And problems (such as having to rewrite this article) start when you don’t take things at face value, because…

 

The Transport Ministry and PDRM reported HIGHER numbers (!!!)

We came across two articles, one from The Asean Post and another from The Mole which put together graphs that contained much higher numbers. As perspective, the deaths from 2010 alone (49) numbered more than the entire 9 year period (47) reported in the Home Ministry’s data. We’re putting up the chart from The Asean Post, since both sites reported the same numbers. Again, both sites reported the SAME numbers.

Image credit: The Asean Post

Although The Mole listed their source as “Road crashes data obtained by The Mole in the past nine years,” The Asean Post listed their source as the United Nations Economic and Social Commission for Asia and the Pacific (UNESCAP), and it was here that we found the source of these stats : A table from a Powerpoint presentation prepared by a representative from the Ministry of Transport, which also (very helpfully) calculated the percentage of drunk driving fatalities for us.

Screencap from the MOT’s presentation

Not just that, when a PDRM spokesperson cited drunk driving fatality numbers in 2014, she gave the number as 193…. the same as the MOT presentation. This means that the numbers from this source look pretty legit as well, which leads to the problem of So which one to believe??? The super low numbers from the Home Ministry? or the high ones from UNESCAP??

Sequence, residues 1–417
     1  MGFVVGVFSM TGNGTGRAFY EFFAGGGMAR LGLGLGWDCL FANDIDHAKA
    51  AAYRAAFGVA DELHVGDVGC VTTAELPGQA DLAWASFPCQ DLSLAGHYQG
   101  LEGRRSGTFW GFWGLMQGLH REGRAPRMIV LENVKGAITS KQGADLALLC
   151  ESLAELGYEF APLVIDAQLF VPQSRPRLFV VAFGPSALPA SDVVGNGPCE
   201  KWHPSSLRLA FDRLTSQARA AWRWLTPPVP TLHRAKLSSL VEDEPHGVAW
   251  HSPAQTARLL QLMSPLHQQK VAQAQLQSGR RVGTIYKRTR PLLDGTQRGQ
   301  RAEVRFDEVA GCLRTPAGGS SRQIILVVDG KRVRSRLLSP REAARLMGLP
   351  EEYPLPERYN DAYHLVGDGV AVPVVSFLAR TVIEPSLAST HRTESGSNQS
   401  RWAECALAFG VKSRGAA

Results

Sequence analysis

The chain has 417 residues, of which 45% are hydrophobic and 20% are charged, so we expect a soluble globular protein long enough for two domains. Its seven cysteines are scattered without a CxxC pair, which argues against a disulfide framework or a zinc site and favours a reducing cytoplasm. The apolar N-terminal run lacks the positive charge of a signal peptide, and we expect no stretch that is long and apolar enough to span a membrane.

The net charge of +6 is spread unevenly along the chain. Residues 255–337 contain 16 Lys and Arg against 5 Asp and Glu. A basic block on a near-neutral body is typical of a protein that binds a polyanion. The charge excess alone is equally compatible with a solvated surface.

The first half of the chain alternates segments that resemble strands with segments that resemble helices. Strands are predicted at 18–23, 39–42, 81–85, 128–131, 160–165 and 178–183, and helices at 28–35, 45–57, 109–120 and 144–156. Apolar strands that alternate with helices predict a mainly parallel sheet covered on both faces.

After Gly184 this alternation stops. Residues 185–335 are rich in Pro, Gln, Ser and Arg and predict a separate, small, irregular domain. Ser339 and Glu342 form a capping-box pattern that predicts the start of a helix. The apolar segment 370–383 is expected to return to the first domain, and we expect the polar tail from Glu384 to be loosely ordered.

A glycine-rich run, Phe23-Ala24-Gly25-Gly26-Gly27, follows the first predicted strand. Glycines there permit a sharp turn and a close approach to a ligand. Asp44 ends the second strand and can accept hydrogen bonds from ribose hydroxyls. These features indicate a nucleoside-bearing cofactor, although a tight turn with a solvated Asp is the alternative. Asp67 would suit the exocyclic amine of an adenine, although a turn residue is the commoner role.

NAH, BACA:
Malaysian journalists have been banned from Parlimen lobby. This might change the news you read

Well, whichever you go with, there’s one fact that’s largely UNESCAP-able….

 

The numbers aren’t as high as you might think

You high ah?

We don’t know why the numbers differ so much, as there isn’t enough context from either source to provide any educated guesses.

But the point of the matter is that, even if we took the UNESCAP numbers, drunk driving still amounts to less than 5% of fatalities on Malaysian roads in any given year. The proportion of drunk driving accidents in total are also low when compared to the overall number of accidents (450k – 570k per year). We’re not gonna make a table for this because we want to be like a restaurant in the CMCO and not have too many open tables, but here’s the data if you wanna make your own.

The other question now is, if the numbers are so low, why does it seem like there’s a spike in drunk driving incidents? Well, there are at least a couple of ways to explain it:

The first is the Baader-Meinhoff phenomenon, where something appears to happen more frequently not because because it actually does, but because you’re noticing it more. For example, you might buy a MacBook for the first time and suddenly start noticing that there are a LOT of MacBook users. It’s not because Apple’s market share grew overnight, but because you’re subconsciously giving more attention to people with MacBooks – also called a frequency illusion.